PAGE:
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Thanks as always for reading! You can also follow along on your platform of choice:

May 29, 2022

Interview in Inspirational Magazine


Heat Index, art quilt by Sue Reno
Heat Index

I was somehow remiss in getting this announcement up on my blog (I did do social media), but I wanted to be sure and include it because I am still so excited to be featured! Many thanks to editor John Hopper. 

INSPIRATIONAL art magazine's April issue - is now on sale.
Welcome to issue 60, the April issue of the contemporary arts magazine Inspirational.
In this issue we have interviews with contemporary artists: US based fine art painter Dan Oliver; US based fine art painter Ed Grant; India based multidiscipline artist Dimple B Shah; US based textile artist Sue Reno.
We also have featured artwork by: India based multidiscipline artist Roopa Kangovi; US based fine artist Betsy Kenyon; India based fine artist Hrusikesh Biswal.
As always, Inspirational is packed with the words, the voices, and full page, full colour representations of all featured artists work.
Featured artist is Sue Reno.
To buy a copy of this month's April issue, straight to your inbox, just follow the link: https://payhip.com/b/e2pYJ
Inspirational - supporting working artists across the world.

Experiments in wet cyanotype - part 74


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After a long, wet, and dreary winter and early spring, the weather finally turned and I had the motivation and the time to do a few wet cyanotype prints. (I clocked a lot of time during the dreary days at the machine, stitching on new quilts, with results to follow later.)
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A quick tour around the garden and woods turned up some vibrant burdock leaves, a sprig of bleeding heart leaves, and a fresh fern frond. I set these up with the mixture of cyanotype chemicals, plus a small squirt of Solarfast solar dye, on mineral paper, my current favorite non-fabric substrate.
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Out they went into the bright spring sunlight. I also prepped a cotton sateen panel with more bleeding heart leaves and a Kousa dogwood twig. None of this was carefully thought through, I just wanted get back into practice at summoning up that old wet cyan magic.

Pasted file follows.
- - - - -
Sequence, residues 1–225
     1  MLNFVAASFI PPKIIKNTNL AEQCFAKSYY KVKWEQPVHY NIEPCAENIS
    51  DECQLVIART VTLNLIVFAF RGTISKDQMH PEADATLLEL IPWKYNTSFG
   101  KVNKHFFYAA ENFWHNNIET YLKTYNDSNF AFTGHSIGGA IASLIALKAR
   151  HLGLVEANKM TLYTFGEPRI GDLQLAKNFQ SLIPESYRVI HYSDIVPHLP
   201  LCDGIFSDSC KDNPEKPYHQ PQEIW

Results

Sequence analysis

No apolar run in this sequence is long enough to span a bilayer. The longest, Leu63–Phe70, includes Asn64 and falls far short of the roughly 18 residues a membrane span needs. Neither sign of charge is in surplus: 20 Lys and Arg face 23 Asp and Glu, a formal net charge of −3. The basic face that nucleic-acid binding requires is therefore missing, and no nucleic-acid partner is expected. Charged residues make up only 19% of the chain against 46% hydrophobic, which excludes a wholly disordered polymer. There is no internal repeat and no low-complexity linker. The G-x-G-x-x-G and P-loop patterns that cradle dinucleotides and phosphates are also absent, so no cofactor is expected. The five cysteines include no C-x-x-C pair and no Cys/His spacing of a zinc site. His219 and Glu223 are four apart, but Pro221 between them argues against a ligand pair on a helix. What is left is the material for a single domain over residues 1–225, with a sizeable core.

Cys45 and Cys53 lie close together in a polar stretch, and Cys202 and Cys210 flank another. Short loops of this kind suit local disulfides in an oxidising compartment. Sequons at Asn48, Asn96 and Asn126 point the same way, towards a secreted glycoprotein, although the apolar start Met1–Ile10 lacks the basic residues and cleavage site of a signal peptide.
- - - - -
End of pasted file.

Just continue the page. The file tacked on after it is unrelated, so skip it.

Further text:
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After exposure but before rinsing, it was looking like I still had the touch. There's so much going on with the burdock leaves!

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Along with lots of cool swirly stuff with the bleeding heart and fern.
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In the fabric print, you can see hints of the red Solarfast.
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And here are the finished prints. 
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Mineral paper is such an interesting product.  Made with rock derived calcium carbonate and a small amount of binder, it is smooth and water resistant, so at first the cyanotype chemicals swirl all around. but at some point, while baking in the hot sun, they begin to adhere to the paper, with the leaves providing an imperfect resist. I can only partially control the process, which is why I find it endlessly fascinating.
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I am also pleased with the print on cotton sateen, there's lots of subtle circular patterning and crisp leaf edges. All together it's a good start to the printmaking season.
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Thanks as always for reading! You can also follow along on your platform of choice:

April 28, 2022

Unfolding the Universe, a JWST VR Event

I am pleased to announce that my artwork will be featured in the Earth Gallery of "Unfolding the Universe: A James Webb Space Telescope VR Experience" presented by @azelinskie @metaxustudio and @NASAwebb. Tonight Paul Geithner will be giving a talk and Q&A. Ticketing is sold out, but you can participate on Youtube live here: https://youtu.be/fMkR1HKDpqk  

First Light
First Light

I will be in the gallery (it's a beautifully created space) with my three recent JWST art quilts, and Luminosity, the original I made after viewing the telescope while it was under construction.
Galaxy Assembly
Galaxy Assembly

You can see the recent quilts and read about them on my website at First Light, Galaxy Assembly, and Stellar Nurseries.
Stellar Nurseries
Stellar Nurseries

Luminosity and it's story are here: https://suereno.com/luminosity

Once again I am blown away that I have had the opportunity to use my art to represent this amazing piece of technology. The launch and deployment have gone exceeding well and we are all looking forward to the first images it will capture this summer.

Recap after the event: There are two galleries in this virtual space. The Earth Gallery is where the artwork is displayed; artists and participants hung out and moved around and interacted for the first part of the event. This part was not recorded for obvious reasons. The Sky Gallery is where the presentation was, and it was recorded and is up on YouTube. I recommend starting at about the 52 minute mark, where the introductions and Paul Geithner's excellent talk begin. If you've ever wondered what everyone is so excited about JWST, this talk is a great overview of what led us to this point and what we can expect going forward. If nothing else, check out how cool a VR space can be! It was a great experience. https://youtu.be/fMkR1HKDpqk

March 8, 2022

In Dreams I Drifted Away acceptance for Common Threads


In Dreams I Drifted Away

I am delighted to announce that In Dreams I Drifted Away has been selected for Common Threads, a Fiberarts Guild of Pittsburgh exhibition on display at the Pittsburgh International Airport March 17 - May 27, 2022.

In Dreams I Drifted Away, detail

Included artists are Michelle Browne, Eva Camacho, Petra Fallaux, Rae Gold, Passle Helminski, Cheryl Hopper, Kristin Karsh, Patty Kennedy-Zafred, Karen Krieger, Barbara Kubala, Susan Lapham, Christine Manges, Sam Milford, Malgorzata Mosiek, Jan Myers-Newbury, Jane Ogren, Claire Passmore, Rhonda Pegg, Sue Reno, Sherri Roberts, Coleen Rush, Kathryn Scimone Stanko, Laura Tabakman, and Dewi Wong. 

My work will be on display in the ticketing case.